Kids Can Press: Tonawanda, NY, 2011.
Mathemagic! features a mix of mathematical tricks. All of them have explanations; some of them even have a history. They are meant to be performed for others, exhibiting your genius. Two of them have to do with properties of the digits 6 and 9 which make them easier to calculate multiplication. Some of the tricks are puzzles in which the audience participates. Mathematical operations are performed to confuse the audience. Quicker participants may figure out what the magician is doing.
The most interesting part of the book to me is the four entries which are different ways of calulating. The Egyptians had a doubling technique making it easier to multiply larger numbers quickly. Binary cards are used for guessing a participants number choice within a given range, and a discussion of binary is included. Napier's Bones, used by merchants in the 1600s, are also discussed for multiplication. They are charts of multiplication facts carved on bone which simplify the process when used together. This is a process that is done in multiplication anyway; Napier set it out visually. The fourth is division dowels, a set of rulers for division similar to Napier's multiplication. In the 1800s, Henri Genaille and Edouard Lucas worked out all of the possible quotients and remainders for a table to be used for simplifying long division. It looks complicated, but it is a simple way of accurately figuring.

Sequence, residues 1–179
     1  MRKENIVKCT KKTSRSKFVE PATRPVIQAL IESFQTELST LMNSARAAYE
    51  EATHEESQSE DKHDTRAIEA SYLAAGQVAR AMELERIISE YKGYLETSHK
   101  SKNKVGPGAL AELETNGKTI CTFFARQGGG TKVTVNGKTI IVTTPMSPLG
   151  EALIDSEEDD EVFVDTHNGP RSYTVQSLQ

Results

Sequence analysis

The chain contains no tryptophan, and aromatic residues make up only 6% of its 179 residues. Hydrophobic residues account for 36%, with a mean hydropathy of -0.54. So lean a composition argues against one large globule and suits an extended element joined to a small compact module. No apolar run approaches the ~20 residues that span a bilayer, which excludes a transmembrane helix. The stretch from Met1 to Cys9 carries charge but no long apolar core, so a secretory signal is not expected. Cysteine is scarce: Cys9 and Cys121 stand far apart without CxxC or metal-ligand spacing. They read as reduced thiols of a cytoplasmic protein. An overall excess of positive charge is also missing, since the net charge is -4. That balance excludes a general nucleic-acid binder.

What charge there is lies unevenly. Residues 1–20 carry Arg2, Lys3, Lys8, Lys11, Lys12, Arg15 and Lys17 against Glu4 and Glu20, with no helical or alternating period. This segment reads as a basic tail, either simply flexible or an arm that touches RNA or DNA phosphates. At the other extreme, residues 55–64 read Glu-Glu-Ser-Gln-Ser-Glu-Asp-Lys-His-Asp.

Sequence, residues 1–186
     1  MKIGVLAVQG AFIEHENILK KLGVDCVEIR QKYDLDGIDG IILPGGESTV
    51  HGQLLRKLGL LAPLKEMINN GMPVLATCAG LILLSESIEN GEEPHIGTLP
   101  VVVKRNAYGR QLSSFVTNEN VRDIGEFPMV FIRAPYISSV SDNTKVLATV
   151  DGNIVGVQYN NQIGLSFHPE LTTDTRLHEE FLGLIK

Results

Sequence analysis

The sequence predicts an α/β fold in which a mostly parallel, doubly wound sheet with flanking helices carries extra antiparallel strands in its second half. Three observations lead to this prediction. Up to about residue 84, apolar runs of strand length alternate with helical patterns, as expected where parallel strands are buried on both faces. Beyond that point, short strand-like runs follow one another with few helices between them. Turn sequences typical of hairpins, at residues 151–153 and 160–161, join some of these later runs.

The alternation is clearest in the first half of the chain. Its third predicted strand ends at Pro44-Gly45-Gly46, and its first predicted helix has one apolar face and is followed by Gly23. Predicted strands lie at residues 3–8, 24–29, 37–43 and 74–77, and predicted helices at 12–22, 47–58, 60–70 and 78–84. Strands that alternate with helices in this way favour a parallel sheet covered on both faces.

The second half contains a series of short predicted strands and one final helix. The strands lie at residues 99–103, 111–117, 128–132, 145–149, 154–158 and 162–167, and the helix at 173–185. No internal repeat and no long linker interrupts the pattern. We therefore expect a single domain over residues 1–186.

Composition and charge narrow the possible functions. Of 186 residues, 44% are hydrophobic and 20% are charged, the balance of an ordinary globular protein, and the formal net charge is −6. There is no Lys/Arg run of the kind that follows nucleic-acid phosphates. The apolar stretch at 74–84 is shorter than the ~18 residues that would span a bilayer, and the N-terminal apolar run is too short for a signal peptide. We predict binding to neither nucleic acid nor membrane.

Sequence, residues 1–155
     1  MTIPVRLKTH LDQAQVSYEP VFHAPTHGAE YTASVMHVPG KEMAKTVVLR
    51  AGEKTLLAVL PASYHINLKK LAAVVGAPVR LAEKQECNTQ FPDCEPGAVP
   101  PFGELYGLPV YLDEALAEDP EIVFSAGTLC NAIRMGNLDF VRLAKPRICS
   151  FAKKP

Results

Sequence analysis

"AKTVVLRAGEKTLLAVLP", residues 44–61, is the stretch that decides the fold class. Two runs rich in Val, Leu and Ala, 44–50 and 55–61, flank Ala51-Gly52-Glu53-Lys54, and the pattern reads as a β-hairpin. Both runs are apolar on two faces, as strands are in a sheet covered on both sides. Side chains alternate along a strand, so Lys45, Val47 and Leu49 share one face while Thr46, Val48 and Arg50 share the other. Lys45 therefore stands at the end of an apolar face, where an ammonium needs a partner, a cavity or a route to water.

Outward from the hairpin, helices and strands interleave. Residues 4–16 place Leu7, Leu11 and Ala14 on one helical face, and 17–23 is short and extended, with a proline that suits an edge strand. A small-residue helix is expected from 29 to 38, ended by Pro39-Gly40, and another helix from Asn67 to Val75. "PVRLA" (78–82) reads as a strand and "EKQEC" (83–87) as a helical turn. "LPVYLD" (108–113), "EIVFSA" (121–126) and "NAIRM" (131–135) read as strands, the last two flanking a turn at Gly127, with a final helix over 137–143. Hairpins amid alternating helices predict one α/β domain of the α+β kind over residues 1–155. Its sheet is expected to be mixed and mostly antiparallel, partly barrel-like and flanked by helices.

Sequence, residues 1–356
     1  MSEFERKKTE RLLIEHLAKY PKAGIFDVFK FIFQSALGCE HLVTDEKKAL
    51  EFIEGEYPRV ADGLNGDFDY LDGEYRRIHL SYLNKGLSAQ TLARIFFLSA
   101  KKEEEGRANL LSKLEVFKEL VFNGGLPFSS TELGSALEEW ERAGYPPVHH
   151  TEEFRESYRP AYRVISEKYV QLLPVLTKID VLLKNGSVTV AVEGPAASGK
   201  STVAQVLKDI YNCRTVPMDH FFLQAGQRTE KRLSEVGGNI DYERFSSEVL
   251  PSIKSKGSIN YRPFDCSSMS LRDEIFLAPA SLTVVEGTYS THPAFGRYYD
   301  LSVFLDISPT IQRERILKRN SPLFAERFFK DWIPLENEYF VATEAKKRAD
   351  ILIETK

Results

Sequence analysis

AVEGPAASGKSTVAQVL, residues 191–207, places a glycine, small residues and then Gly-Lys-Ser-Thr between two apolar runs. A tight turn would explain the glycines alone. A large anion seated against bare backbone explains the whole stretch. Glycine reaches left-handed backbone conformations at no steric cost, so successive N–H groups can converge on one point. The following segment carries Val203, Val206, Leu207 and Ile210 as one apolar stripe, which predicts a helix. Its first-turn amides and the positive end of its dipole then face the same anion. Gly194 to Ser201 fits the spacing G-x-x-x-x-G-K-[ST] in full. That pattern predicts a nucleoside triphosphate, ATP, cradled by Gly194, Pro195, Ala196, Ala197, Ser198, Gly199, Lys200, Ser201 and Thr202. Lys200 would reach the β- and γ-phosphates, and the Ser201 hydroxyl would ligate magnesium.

The book is designed to encourage thinking about number theory. Math can be like puzzles, something to figure out for enjoyment. And there is always the fun of knowing something that stumps someone else. The author presents these tricks as ways to calculate problems quickly and mentally. Some of them can be used to figure quickly for any reason. When a student can develop this proficiency in mathematics, he/she can start to really enjoy the theory (reasons for doing math).
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